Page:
I never said there should be NO regulation. Of course there has to be regulation but it has to be balanced against the realities of business and not based on emotion.<quoted text> When corporations are allowed to operate without government regulation, we have a boom/ bust cycle. Tax cuts for the rich and deregulation led to the roaring twenties. and the the inevitable bust.. Roosevelt reined in big business ,:( Glass Steagle, act, etc.) tax rates at around 90%.. We created the greatest middle class in the world, ever! Ronald Regan and every president since reversed those policies. You can try to put all the blame on the unions but, but, even conservative economists : Greenspan, Bernanke etc. say it was deregulation and malfeasance that caused the latest crash.
You are talking about different things all at once.
Manufacturing left the U.S. because the price of organized labor rose to point where it is more profitable(that's why businesses exist-to make a profit) to make things offshore and have them shipped back here than it is to pay the cost of U.S. labor. That's part of the global economy we live in. Labor unions either never saw it coming or refused to believe it would happen. It did and that's what happened to the middle class.
The catalyst for the latest crash was the housing market. You've no doubt heard the phrase "the housing bubble burst". It started with President Clinton's "ownership society". The idea that home ownership should be made more available to a wider range of people. That idea was wholeheartedly embraced by President Bush and he actually took it to new heights. At the urging and with the backing of the U.S. government, normal common sense rules for mortgage lending were suspended in order for more people to qualify. Banks invented all sorts things to accommodate this. Things like interest only loans came into being and made home ownership a reality for people who would never have qualified before. It was great for a while. Many more people could own a home. Supply and demand kicked in and property values went up because demand exceeded supply. When property values went up existing homeowners had more equity. They traded in that (false)equity for cash and went to Disney World and bought new cars and boats. That created a bubble and the bubble burst. When it burst millions of people were left with homes worth less than they owed, mortgages they couldn't afford so they defaulted. Yes, banks did many hings they should not have but they did them at the urging and full knowledge of the U/S. government.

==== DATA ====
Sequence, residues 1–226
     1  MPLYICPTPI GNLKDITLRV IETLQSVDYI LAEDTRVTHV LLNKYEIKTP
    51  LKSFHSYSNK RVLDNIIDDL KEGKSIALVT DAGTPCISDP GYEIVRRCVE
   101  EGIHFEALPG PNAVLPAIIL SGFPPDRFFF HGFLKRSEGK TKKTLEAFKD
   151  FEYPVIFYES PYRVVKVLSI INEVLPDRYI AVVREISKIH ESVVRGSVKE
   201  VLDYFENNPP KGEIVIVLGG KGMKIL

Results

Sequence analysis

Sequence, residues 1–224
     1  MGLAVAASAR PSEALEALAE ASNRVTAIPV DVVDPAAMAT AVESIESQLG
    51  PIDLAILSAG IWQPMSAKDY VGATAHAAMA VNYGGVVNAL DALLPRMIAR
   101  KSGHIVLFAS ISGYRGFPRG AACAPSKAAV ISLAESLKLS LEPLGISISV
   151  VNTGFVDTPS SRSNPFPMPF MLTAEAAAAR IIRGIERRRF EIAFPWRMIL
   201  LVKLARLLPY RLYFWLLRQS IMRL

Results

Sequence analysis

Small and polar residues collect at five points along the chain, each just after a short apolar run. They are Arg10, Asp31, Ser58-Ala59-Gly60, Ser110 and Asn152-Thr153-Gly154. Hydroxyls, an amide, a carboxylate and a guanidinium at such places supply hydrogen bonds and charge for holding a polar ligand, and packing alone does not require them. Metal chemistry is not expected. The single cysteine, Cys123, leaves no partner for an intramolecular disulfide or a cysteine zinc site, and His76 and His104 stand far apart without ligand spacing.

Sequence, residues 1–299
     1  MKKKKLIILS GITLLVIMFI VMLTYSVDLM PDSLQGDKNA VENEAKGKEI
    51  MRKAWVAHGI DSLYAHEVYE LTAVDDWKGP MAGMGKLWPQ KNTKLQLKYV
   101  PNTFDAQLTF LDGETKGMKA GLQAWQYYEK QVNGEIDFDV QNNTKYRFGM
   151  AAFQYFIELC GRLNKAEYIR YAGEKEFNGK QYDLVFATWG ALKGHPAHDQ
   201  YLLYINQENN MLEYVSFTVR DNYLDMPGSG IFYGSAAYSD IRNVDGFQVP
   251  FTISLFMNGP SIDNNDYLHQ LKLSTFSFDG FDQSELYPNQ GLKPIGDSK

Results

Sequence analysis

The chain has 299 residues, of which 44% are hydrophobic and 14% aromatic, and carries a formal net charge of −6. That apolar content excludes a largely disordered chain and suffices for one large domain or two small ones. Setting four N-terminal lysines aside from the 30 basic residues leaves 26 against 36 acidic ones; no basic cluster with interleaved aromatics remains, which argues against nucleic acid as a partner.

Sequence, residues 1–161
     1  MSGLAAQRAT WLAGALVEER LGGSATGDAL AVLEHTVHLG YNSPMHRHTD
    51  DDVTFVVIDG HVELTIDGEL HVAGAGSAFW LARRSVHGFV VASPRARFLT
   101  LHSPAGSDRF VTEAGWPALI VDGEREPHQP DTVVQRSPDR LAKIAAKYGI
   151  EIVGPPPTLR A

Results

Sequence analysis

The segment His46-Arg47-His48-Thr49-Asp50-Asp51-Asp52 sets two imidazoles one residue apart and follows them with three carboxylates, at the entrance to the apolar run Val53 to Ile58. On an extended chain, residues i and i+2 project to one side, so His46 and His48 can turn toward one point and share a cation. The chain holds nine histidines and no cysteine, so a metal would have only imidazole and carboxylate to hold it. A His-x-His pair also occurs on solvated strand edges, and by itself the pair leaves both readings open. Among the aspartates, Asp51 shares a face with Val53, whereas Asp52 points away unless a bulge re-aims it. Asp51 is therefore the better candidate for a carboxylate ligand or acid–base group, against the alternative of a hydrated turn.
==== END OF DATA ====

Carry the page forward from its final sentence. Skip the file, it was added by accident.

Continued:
Wanting everyone to be able to own a home in an admirable goal. It just doesn't make sense when you apply simple business principles. It's an emotional rather than logical thing. Wanting everyone to earn a wage where they can afford the better things in life is also an admirable goal but like the "ownership society" it's based on emotion and not on good business sense.